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Superhighways give impetus to learn driving afresh

Posted by Administrator on February 29, 2012

Photo/File Thika road is now an eight-lane superhighway constructed by China’s Sinohydro Corporation East Africa. Kenyan drivers need refresher courses to be able to use these new roads with caution.

Photo/File Thika road is now an eight-lane superhighway constructed by China’s Sinohydro Corporation East Africa. Kenyan drivers need refresher courses to be able to use these new roads with caution.

This is indeed a sad week for Kenya as we lay two great men to rest. These individuals had the vision and resolve to change things for the better.

In honour of the Late John Michuki the Police have embarked on a crackdown of traffic offenders.

They have found good reason to finally do their job.

While it may make them feel good it does not at all help the situation if they will not sustain it.

The impunity with which Kenyans drive is of viral proportions and it filters to other aspects of our lives.

We are living in a society so content with mediocrity it hurts to imagine ourselves free from mental poverty.

Why would we knowing and willingly board a dilapidated public service vehicles and proceed to encourage the driver to break every traffic rule in the book just because we did not wake up on time?

Why for example would you walk into a showroom and buy a pickup truck that does not have basic safety features like ABS and airbags and continue to issue it to your team of qualified staff and expect them to drive around the country.

I recently witnessed a Isuzu D-Max pickup lose control and crash right in front of my eyes at a corner because the driver did not know the limits of driving without an Anti-lock braking System (ABS).

You may remember the accident on the news in early 2008 when a hijacked white pickup lost control and rolled, killing and injuring demonstrators on board.

Can anything sustainable be done about our driving?

With our improved road network Kenyans will imagine that something magical has happened and their vehicles have become more stable with amazing powers of speed and control.

Nothing can be further from the truth.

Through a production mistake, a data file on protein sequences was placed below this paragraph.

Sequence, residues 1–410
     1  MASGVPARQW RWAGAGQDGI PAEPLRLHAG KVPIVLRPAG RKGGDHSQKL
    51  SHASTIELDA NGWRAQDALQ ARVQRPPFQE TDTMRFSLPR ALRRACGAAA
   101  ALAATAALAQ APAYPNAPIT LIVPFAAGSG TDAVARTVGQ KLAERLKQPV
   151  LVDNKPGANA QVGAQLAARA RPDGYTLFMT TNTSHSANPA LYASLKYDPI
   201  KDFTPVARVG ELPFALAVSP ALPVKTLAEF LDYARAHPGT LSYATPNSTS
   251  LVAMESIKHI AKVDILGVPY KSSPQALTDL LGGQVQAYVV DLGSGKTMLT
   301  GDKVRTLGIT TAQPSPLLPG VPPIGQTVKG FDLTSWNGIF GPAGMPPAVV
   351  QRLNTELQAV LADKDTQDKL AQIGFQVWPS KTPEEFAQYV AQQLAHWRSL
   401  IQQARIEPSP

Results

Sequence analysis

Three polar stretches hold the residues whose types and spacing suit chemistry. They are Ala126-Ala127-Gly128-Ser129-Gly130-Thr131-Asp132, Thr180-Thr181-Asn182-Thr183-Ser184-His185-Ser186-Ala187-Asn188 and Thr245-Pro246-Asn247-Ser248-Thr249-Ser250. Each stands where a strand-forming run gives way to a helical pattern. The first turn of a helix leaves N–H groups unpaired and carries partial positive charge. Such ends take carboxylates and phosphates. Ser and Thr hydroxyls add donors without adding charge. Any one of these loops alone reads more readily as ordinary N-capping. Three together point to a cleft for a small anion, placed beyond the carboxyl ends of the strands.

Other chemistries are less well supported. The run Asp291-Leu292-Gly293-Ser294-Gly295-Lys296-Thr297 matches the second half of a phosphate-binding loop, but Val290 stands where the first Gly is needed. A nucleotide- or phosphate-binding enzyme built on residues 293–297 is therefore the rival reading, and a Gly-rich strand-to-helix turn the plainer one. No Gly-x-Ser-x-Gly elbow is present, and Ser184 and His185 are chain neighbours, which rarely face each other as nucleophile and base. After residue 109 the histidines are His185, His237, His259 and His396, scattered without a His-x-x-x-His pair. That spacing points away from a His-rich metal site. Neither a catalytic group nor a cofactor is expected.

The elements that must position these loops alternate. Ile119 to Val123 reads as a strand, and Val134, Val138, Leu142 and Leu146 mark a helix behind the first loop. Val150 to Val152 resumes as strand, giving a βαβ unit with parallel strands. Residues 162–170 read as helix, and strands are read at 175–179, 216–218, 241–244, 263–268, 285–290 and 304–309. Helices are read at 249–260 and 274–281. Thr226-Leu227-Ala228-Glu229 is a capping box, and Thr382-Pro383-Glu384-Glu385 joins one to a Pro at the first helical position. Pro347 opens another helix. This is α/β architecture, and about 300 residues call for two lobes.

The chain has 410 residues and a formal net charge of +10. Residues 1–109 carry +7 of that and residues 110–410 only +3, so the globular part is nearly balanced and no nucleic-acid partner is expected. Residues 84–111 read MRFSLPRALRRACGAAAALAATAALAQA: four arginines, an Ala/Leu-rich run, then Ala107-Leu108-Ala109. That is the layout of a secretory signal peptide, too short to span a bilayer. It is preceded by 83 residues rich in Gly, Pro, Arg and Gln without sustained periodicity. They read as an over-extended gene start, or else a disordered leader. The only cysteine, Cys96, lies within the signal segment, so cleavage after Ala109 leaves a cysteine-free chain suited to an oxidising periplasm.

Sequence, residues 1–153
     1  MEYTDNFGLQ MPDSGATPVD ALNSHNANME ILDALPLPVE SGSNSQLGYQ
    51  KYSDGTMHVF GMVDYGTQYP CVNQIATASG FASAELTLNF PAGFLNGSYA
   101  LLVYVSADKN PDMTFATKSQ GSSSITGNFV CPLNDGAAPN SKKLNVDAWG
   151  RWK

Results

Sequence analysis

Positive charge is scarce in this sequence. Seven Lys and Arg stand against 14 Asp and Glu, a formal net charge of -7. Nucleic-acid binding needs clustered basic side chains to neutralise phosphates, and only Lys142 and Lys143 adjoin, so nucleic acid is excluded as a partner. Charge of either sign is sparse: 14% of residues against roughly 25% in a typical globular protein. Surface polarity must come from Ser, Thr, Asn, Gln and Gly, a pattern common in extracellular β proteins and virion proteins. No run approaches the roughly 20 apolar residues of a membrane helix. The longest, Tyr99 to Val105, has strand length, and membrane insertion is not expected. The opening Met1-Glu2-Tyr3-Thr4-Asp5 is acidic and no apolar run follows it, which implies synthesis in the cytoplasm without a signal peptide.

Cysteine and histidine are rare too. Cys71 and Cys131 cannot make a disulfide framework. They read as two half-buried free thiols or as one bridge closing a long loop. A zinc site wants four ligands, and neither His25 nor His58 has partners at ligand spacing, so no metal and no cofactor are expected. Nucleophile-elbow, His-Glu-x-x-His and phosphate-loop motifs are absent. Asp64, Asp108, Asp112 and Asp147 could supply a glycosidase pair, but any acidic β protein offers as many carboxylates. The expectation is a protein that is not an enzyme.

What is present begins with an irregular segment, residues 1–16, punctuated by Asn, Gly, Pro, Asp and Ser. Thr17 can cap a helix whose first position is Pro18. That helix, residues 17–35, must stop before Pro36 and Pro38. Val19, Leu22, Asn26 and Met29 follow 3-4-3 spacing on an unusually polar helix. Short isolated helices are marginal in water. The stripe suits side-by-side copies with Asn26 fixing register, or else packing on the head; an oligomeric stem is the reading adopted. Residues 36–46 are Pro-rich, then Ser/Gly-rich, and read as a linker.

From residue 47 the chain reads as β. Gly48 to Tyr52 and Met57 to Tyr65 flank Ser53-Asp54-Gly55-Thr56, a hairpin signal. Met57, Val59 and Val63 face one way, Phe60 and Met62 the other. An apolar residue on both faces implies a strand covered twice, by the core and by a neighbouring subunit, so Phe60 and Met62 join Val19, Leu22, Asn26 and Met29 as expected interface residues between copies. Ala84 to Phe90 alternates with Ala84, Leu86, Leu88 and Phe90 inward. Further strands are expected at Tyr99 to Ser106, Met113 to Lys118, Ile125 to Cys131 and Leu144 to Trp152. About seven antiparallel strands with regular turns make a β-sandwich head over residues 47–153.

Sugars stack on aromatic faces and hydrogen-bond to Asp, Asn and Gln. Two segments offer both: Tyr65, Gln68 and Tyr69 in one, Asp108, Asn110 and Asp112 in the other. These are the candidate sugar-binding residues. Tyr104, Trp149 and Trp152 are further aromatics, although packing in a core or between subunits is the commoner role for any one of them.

What we forget is that you must only drive as fast as your car can confidently come to a stop.

The Transport Minister should shift focus from the matatu industry and look at the barrage of private and commercial vehicles on the roads.

The Vehicle Inspection Unit should not allow any vehicle without ABS and Vehicle Stability Control (VSC) onto the road.

The pickup mentioned above rolled at the Kisumu-Ahero Junction after failing to negotiate a corner was stopped by a matatu that was picking passengers in the middle of the road at a junction.

The casualties would have been higher but luckily the last row of seats was empty.

How on earth would a public service vehicle blatantly endanger its passengers just 50 metres from where a Road Traffic Survey was being conducted under police supervision?

It is about time the government and its functional agencies put stringent rules that insist on mandatory checks of public service as well as private vehicles.

All garages must be inspected to verify that they are equipped to conduct standard maintenance and repairs on vehicles.

Many accidents on our roads are caused by incompetent drivers behind the wheels of unroadworthy vehicles.

Every driving school must be vetted to determine that the trainers are competent before they can dispense the skills to unsuspecting novices.

Did you know that if you increase your speed from 110kph to 130kph – up just 15 per cent – in reality you jolt your vehicle’s kinetic energy by about 30 per cent.

This means that you will take a lot longer to bring your vehicle to a safe stop.

If you double the speed of an object you quadruple its kinetic energy. Increased kinetic energy means when driving your vehicle at 130kph, you will need 120 metres to bring it to a complete stop.

That is about 30 car lengths or the length of a football pitch. Reducing your speed to 110kph reduces your stopping distance to about 100 metres.

And all this is assuming you have ABS and a set of good brakepads.

Without ABS you can safely double or triple the distance and dig an early grave.

On that note I think the Transport Ministry should urgently write into law that every vehicle on the road today, as a bare minimum, must have ABS and Traction Control.

No vehicle dealer or manufacturer should remove ABS, Vehicle Stability Control (VSC) and Electronic Brake Distribution (EBD) as well as airbags to reduce the price of their vehicles.

Have a safe driving year.

Source: http://www.businessdailyafrica.com/Superhighways+give+impetus+to+learn+driving+afresh+/-/539444/1356416/-/i1waet/-/

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8 Responses to “Superhighways give impetus to learn driving afresh”

  1. dear said

    then only thing i noted is that the lanes aren’t marked though they look great

    • leo said

      You are very right dear. No marked lanes because we Kenyans hate to be spoon fed. Only babies enjoy that.

      • Mwaliko said

        You’d better learn to be spoon fed coz Kenyans are paying dearly with losses of life on these unmarked roads! Its only in Kenya where lanes remain unmarked on such a major highway.

      • Kangemi said

        I drove on this very highway in January and to say it’s scary is understatement. Lack of marked lanes is the least of the problems…in Githurai, Ruiru and around Juja, pedestrians dash accross without prior warning. It is even more hairy at night especially with Kenyans’ tendency to wear dark clothes.

    • leo said

      LANES? what about the green and the red right? The chinese are very observative. They know US.

  2. leo said

    LANES will be a money maker for bad cops.They just gonna say that Umepita line mzee!! toa mali.

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